Comfrey Tea (Knitbone)


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Comfrey (Knitbone)

Symphytum officinale

Bath, poultice, compress

Nutritive tonic, emollient, demulcent, vulnerary, relaxing expectorant, astringent, haemostatic, stimulant to fibroblast, chondroblast and osteoblast activity.

Wounds, ulcers, strains, bone fractures, bruises, sprains, athlete’s foot, varicose ulcers, gastric ulcers & mastitis

This is a powerful herb. Research suggests that internal use for more than 3 weeks should be avoided.



Comfrey is a perennial herb with a black, turnip-like root and large, hairy broad leaves that bears small bell-shaped flowers of various colours. It is native to Europe, growing in damp, grassy places. It is frequently found throughout Ireland and Britain on river-banks and ditches. Medicinal use of comfrey dates back to Ancient Greece.


Comfrey can be used externally as a bath, poultice or compress: for an impressive local healing agent for wounds, slow-healing ulcers; strains and bone fractures, bruises, sprains, athlete’s foot, varicose ulcers & mastitis (due variously to mixture of binding mucilage-tannin mixture, and the highly diffusible stimulant of connective tissue, bone and cartilage – allantoin). It can also be drunk as a tea for ulceration and erosion of the gut wall and for bronchial conditions. Comfrey can be taken internally for healing gastric & duodenal ulcers but ONLY under the supervision of a professionally trained herbalist as healing can take place too quickly, trapping infections.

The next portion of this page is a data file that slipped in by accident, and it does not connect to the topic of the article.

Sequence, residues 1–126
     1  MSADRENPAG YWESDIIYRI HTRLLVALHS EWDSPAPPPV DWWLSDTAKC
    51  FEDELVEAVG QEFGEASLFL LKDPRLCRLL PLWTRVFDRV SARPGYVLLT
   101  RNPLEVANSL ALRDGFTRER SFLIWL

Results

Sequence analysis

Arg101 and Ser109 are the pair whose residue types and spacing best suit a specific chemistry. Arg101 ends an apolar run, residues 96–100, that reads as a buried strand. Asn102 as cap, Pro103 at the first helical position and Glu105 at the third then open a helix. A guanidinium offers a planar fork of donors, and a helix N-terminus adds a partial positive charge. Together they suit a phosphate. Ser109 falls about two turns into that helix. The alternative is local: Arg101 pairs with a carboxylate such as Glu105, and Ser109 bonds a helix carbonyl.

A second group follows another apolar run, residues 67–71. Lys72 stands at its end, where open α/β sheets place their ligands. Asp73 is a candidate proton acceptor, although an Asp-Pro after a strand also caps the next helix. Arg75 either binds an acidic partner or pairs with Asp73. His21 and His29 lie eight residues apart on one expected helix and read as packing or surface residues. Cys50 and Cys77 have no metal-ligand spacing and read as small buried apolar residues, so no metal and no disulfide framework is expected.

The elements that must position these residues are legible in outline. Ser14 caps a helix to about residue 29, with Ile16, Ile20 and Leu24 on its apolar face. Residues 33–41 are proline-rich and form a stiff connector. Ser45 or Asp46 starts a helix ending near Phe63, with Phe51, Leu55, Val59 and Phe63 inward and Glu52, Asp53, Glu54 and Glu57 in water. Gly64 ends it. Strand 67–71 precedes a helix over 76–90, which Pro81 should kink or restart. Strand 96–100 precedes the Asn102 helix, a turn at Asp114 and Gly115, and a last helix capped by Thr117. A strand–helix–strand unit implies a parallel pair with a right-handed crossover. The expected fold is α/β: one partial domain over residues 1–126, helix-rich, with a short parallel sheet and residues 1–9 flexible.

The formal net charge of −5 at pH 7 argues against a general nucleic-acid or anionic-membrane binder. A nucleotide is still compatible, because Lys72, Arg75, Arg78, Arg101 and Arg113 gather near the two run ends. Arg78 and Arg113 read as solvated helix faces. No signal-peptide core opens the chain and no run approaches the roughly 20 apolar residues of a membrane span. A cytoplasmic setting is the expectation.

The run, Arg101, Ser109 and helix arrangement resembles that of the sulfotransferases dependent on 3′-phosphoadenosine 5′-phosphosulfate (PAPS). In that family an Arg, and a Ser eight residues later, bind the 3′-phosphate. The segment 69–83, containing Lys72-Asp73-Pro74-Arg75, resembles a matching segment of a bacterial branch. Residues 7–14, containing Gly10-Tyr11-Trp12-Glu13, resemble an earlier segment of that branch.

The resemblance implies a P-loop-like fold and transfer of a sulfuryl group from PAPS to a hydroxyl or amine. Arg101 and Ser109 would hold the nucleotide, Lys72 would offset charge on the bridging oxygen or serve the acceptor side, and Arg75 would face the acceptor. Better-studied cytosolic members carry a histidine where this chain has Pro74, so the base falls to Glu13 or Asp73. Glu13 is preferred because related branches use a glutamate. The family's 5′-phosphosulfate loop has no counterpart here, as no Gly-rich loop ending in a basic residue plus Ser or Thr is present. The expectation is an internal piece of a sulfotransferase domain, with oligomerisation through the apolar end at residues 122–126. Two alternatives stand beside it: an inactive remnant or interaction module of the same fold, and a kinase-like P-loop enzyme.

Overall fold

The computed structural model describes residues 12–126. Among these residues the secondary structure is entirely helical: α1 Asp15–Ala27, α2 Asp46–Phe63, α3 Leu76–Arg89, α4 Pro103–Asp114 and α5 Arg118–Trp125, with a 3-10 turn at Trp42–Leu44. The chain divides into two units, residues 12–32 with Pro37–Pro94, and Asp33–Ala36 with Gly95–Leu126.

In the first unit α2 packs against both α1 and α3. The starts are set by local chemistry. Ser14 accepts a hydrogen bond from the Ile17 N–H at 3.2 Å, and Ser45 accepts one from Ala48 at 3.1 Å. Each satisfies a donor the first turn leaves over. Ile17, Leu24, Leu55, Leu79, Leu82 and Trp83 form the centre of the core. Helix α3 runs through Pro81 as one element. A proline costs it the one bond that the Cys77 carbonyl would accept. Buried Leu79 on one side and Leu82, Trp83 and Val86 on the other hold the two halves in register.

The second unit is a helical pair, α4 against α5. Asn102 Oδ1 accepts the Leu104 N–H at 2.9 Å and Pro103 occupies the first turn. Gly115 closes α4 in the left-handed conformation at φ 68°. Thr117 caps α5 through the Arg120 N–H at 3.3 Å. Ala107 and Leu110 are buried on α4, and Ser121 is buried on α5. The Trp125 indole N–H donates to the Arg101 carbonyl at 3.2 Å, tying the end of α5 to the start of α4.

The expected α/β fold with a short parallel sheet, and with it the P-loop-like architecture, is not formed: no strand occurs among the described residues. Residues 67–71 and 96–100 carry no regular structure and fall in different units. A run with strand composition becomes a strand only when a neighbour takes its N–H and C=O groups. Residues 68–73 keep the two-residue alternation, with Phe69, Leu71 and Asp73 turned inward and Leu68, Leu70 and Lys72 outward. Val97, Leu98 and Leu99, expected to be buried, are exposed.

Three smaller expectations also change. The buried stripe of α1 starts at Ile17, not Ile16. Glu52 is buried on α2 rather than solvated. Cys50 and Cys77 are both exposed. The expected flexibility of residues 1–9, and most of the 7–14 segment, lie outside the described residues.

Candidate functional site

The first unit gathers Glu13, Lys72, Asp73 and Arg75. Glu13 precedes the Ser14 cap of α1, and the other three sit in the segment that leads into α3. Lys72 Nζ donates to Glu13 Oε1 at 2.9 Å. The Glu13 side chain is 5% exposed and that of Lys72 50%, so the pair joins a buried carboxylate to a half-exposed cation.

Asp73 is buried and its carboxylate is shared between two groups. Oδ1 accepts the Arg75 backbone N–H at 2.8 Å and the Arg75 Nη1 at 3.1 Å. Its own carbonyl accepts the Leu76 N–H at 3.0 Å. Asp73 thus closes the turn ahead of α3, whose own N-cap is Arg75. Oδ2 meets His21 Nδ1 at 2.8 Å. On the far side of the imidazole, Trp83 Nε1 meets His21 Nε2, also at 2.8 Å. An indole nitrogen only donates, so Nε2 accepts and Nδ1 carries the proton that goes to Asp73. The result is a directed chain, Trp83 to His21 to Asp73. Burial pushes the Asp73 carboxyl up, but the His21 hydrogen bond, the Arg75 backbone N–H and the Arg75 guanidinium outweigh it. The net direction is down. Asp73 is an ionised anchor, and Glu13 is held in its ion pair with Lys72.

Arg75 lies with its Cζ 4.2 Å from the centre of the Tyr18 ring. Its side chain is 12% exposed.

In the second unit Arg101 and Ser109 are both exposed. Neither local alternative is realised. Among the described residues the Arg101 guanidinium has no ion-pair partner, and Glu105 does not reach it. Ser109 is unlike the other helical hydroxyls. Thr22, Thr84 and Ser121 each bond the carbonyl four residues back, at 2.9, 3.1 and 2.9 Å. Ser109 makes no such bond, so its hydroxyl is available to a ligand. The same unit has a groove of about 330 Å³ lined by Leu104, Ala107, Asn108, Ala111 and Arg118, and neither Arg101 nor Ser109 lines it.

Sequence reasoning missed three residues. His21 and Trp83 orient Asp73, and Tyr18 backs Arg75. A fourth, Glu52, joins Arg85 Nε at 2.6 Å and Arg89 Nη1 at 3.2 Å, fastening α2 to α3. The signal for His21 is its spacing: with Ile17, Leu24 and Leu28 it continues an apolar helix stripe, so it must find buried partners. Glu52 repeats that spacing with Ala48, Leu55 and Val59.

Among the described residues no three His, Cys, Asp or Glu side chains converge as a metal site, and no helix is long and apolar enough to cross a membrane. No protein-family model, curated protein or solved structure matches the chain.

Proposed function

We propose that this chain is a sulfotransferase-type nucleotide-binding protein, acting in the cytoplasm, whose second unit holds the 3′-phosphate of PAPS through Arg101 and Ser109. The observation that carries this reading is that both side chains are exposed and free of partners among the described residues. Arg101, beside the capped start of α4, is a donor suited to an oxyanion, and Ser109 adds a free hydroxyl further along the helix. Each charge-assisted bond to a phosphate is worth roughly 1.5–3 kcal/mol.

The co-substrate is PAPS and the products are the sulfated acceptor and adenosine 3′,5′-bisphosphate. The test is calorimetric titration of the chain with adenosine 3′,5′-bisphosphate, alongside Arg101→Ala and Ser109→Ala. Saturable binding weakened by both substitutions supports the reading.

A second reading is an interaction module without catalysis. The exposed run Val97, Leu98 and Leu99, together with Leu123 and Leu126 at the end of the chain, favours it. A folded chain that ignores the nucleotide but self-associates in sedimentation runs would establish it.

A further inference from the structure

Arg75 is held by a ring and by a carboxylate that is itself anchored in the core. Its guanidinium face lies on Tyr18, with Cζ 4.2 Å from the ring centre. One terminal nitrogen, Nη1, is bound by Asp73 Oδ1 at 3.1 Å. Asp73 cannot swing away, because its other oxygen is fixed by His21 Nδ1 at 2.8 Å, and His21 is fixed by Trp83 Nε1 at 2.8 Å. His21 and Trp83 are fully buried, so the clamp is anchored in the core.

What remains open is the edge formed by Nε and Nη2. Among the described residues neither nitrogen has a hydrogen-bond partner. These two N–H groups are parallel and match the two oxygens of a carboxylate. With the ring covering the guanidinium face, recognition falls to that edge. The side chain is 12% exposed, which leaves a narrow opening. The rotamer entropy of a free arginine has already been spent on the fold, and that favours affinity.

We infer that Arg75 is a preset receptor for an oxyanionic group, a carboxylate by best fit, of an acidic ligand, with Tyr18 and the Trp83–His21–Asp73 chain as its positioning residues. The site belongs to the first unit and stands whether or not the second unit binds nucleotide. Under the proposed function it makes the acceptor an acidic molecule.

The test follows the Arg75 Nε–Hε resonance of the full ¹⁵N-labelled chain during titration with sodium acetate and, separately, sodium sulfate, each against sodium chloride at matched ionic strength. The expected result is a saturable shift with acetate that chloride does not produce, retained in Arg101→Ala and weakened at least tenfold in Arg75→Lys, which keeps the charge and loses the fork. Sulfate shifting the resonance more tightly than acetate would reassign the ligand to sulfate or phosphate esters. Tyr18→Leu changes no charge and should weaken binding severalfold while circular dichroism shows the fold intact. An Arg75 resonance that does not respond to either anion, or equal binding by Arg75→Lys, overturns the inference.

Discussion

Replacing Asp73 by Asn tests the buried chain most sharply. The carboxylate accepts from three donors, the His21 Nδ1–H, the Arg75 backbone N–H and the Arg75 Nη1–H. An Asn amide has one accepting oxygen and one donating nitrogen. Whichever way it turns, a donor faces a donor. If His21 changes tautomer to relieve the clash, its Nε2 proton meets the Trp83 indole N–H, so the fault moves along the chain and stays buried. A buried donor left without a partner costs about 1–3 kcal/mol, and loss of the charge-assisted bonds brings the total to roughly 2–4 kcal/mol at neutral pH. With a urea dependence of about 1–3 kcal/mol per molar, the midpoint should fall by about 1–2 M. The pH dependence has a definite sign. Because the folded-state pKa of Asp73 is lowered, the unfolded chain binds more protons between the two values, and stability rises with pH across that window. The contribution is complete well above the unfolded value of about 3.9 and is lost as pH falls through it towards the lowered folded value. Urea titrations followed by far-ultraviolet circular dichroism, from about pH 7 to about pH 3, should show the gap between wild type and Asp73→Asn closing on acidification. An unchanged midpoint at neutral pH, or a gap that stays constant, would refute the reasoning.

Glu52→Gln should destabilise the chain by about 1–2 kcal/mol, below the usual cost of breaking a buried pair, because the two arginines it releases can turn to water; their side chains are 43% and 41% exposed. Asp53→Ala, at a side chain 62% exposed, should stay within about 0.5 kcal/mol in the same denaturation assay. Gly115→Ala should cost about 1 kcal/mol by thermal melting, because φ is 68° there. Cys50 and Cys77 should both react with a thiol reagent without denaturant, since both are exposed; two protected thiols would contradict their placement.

The presence of hepatotoxic pyrrolizidine alkaloids has raised doubts over the safety of this remedy; such doubts may be ill-founded, especially for the leaves, but to be safe it is better that excessive internal consumption – for more than three weeks, be avoided.

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